FOR four years in the early 1970s a free pop music festival was held on Malvern Link common in the shadow of the famous hills.

It was aimed at being the local version of America’s Woodstock and the 1974 event, 50 years ago to the month, certainly followed the template, because it poured with rain.

Nevertheless the county’s hippies turned up to sit on the sodden grass with their ponchos and, rather less cool, umbrellas and nod their heads to the music of half a dozen bands.

Organisers of outdoor events always roll the dice with the British weather and that year unfortunately they lost.

Woodstock, held at Yasgurs Farm in New York State over three days in August, 1969 drew 400,000 people when the organisers had aimed for 150,000 in their wildest dreams and set the scene for what was to follow all over the world. On a smaller scale, naturally.

In Worcestershire we are usually a little behind the curve and it was not until a Saturday in August, 1972 free, open air rock festivals arrived here, courtesy of a group of friends who hung out at Malvern Youth Centre and went to the town’s Winter Gardens to shake their hair to bands like Barclay James Harvest and Mott the Hoople.

Among them were Don Palmer, Rich Evans, Chris Reagan and Jon Fulcher.

A few years ago I interviewed Jon and he told me: “We worked out an ideal site on Malvern Link Common, where there is a natural amphitheatre caused by the lie of the ground. Public toilets were also nearby – or there were then, they’ve since been knocked down – so we wouldn’t have to worry about that.”

Amazingly the habitually strait-laced Malvern Hills Conservators (now Malvern Hills Trust) gave the go-ahead and with support from Malvern Festival Theatre, which loaned its generator, and a hire firm in Ledbury, which supplied another one free, power to the stage was sorted.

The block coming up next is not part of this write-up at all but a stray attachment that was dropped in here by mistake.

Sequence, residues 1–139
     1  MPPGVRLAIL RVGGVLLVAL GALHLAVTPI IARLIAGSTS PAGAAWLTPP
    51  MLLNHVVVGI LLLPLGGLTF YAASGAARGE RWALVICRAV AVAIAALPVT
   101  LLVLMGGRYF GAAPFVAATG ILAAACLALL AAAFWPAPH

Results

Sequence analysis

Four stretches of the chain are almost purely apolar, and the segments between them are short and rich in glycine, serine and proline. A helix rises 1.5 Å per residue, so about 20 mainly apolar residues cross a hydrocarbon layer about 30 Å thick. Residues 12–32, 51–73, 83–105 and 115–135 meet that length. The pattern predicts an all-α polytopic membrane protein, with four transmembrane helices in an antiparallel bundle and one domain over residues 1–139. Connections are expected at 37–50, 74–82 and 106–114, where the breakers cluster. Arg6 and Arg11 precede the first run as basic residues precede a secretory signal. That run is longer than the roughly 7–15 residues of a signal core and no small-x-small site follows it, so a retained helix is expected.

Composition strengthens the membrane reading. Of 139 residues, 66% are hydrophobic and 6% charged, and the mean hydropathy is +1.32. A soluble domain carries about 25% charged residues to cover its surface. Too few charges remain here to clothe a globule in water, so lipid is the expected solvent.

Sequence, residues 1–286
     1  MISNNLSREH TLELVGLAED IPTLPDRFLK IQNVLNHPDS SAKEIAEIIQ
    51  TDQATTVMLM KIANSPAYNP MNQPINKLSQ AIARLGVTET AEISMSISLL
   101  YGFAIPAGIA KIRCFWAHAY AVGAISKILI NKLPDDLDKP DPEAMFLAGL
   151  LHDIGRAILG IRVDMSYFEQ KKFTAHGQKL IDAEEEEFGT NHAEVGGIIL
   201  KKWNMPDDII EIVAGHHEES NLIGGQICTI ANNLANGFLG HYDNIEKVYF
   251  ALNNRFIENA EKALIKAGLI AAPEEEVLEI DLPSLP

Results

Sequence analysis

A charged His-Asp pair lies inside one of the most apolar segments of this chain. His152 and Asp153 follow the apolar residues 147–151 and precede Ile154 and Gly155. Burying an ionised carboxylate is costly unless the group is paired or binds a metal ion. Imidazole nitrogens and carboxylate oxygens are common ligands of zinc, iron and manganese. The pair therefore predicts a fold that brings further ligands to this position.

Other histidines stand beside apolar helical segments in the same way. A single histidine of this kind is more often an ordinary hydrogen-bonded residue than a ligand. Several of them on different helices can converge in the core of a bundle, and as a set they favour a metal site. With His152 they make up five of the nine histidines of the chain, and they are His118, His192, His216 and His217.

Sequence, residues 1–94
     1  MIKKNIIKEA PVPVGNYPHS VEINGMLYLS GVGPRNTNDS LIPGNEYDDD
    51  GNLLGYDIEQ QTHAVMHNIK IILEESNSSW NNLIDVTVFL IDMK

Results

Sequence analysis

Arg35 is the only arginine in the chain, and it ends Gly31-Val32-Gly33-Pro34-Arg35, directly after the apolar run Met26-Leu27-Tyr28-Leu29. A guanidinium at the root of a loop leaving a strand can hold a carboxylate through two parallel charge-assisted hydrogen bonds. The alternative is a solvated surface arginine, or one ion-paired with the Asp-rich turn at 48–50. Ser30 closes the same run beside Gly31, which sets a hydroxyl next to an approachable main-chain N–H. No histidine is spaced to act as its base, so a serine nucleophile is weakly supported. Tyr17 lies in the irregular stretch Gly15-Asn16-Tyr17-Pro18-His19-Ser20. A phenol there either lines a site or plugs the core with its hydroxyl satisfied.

Scaffolding and planks for the stage came from a Malvern builder, but the lads had to design and build it themselves with the help of some mates, which was interesting. Hearing about the gig, local bands queued up to play.

The free rock concerts on Link Common ran for four years.

For the first two the weather was kind and the crowds large, but in 1974 it was wet and by 1975 the idea had come to a natural end.

Jon added: “We only ever intended to do one concert when we started, but it went down so well we got swept along and did a few more.

I think the best attended was actually 1975 when we had well over a thousand people there, but it was a thing of the times and was never going to last. We always had a good collection for charity though.”

Since them there have been all sorts of open air pop music events in Worcestershire, some official, others not so. Like the hippy/New Age Traveller/any old hangers-on invasion of Castlemorton Common in 1992, when the stages were flatbed lorries and the smell of something in the air got law enforcement’s noses twitching.

It was all a while ago now, but maybe you might recognise yourself, a bit older but not necessarily any wiser, in one of the photographs here.